c.2014 New York Times News Service via Peninsula Daily News
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The signal had a frequency of 37.5 kHz per second, the report said, which is the frequency used for all standard underwater locator devices attached to aircraft data and voice recorders, commonly known as black boxes.
But the China Maritime Search and Rescue Center cautioned against leaping to conclusions about the reported signal, according to Xinhua, the Chinese news agency.
“It cannot be confirmed that the pulse signal detected by the Haixun 01 is related to a black box from MH370,” the news service quoted the center as saying. False alerts can be triggered by sea life, including whales, or by noise from ships.
A spokesman for the Joint Agency Coordination Center, the Australian government organization coordinating the search, said it could not verify the report.
The Australians said an alert sounded on the British Royal Navy vessel HMS Echo last week, but it turned out to be false.
The Chinese vessel, Haixun 01, was searching about 1,020 miles northwest of Perth, Australia, on Saturday when it picked up the pulse signal, Xinhua reported.
In the four weeks since Flight 370 veered off its scheduled path from Kuala Lumpur to Beijing and dropped off civilian and military radar, no trace of the plane has been found. In the past week, searchers have concentrated their efforts in several areas of the Indian Ocean more than 900 miles off the coast of Perth, Australia.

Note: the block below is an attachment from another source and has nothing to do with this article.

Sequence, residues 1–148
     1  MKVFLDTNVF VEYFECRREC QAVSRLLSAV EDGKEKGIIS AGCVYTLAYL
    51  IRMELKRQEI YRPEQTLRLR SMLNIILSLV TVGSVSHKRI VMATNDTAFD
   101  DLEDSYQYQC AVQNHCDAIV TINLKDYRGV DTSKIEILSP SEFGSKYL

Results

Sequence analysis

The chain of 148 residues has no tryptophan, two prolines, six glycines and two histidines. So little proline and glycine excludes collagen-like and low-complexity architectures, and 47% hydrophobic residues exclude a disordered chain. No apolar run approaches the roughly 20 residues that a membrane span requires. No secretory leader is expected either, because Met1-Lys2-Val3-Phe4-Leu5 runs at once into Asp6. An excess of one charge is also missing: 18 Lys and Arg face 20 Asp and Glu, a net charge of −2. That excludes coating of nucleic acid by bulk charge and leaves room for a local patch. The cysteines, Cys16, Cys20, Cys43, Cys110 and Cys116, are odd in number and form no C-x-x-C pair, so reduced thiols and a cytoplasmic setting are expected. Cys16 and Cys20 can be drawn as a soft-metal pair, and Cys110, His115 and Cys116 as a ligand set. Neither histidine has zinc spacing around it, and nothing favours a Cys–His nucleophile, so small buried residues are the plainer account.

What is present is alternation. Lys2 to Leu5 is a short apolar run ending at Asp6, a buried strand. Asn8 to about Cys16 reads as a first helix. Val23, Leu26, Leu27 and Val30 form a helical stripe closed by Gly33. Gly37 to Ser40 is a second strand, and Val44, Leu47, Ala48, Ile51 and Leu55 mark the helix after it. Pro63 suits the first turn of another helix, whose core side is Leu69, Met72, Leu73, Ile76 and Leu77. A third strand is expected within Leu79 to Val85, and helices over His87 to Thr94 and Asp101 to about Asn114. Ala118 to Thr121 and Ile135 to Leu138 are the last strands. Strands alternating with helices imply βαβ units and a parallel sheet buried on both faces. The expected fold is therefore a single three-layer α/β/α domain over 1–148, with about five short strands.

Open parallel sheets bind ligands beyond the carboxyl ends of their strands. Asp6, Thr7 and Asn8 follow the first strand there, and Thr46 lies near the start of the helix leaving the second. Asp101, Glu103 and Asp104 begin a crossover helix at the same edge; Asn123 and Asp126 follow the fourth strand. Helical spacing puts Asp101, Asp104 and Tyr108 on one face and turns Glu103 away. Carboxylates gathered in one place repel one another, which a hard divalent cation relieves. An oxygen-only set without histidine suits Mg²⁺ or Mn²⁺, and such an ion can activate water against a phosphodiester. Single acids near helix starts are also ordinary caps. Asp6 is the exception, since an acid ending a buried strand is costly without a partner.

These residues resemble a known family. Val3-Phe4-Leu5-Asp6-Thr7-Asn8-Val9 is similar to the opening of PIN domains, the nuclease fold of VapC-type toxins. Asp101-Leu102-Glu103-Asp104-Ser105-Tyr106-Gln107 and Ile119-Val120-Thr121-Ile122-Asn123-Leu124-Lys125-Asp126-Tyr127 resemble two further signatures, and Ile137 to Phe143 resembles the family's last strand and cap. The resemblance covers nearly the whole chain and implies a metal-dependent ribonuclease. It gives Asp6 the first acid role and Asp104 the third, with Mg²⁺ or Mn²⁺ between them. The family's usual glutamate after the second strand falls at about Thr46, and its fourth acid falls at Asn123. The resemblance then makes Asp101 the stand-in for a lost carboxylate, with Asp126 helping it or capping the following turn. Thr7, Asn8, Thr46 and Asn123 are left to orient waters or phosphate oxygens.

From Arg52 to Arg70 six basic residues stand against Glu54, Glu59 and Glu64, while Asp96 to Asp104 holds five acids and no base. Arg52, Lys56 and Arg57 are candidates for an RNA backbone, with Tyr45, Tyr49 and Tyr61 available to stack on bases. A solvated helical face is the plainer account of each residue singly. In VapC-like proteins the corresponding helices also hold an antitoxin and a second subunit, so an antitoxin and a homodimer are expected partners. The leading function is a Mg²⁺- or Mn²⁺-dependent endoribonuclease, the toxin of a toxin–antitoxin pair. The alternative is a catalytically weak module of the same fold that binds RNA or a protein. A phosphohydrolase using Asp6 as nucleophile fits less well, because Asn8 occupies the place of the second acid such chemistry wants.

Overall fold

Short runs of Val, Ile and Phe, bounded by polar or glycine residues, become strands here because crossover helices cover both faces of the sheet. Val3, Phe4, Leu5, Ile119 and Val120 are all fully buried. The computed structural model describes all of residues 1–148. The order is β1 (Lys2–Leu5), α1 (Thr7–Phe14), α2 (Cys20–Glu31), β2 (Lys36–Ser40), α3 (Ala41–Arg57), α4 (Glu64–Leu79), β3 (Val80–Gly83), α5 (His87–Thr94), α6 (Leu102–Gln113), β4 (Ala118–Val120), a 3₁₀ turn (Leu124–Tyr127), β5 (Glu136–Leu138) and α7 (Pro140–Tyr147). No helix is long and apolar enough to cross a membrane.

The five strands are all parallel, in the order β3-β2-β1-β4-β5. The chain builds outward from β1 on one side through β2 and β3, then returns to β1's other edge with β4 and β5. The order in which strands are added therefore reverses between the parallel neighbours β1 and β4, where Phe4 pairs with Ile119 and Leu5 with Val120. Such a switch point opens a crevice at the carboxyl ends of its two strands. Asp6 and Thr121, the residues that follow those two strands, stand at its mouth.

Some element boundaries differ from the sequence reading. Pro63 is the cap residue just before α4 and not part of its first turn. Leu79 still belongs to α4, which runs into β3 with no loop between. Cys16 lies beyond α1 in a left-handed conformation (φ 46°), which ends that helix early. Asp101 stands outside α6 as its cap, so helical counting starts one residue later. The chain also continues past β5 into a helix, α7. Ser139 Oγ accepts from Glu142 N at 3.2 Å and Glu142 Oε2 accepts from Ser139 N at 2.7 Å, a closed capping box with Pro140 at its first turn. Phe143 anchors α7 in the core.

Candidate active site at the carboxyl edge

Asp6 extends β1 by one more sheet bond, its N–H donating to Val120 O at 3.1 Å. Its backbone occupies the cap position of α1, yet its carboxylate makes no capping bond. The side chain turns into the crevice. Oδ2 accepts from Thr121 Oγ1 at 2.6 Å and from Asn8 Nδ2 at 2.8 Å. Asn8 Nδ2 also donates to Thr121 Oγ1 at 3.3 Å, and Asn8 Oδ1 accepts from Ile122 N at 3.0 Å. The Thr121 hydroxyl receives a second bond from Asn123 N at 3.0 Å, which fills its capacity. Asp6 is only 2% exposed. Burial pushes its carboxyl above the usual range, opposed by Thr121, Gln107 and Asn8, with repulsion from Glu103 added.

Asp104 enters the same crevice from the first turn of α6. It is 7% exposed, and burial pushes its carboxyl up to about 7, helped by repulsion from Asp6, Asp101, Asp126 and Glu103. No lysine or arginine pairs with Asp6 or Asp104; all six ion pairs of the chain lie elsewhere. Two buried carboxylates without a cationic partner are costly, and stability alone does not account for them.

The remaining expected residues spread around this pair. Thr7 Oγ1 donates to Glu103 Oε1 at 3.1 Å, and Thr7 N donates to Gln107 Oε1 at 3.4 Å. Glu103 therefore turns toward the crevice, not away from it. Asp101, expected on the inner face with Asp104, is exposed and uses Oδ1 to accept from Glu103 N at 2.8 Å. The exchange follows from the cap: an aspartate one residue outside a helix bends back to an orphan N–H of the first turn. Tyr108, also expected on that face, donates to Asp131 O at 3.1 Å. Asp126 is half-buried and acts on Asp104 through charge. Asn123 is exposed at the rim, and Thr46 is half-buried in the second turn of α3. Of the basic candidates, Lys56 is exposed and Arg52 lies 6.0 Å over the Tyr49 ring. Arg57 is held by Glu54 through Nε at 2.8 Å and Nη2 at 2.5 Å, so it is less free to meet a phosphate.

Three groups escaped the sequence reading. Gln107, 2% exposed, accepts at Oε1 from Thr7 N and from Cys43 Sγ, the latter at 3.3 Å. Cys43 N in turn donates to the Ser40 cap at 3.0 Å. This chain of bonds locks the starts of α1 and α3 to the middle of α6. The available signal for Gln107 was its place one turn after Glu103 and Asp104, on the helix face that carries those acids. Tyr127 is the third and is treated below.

A flotilla of ships from various nations have combed the water as aircraft have conducted daily reconnaissance flights.
Crews aboard the planes and ships have spotted floating items nearly every day, but so far all the objects have turned out to be fishing equipment and other detritus not related to Flight 370.
On Saturday, 10 military planes, 3 civilian jets and 11 ships were scheduled to search an area about 1,050 miles northwest of Perth, and the signal reported by the Chinese ship appeared to come from that area, according to coordinates provided by Xinhua.
READ MORE: http://www.nytimes.com/2014/04/06/world/asia/malaysia-airlines-plane.html?src=se&_r=0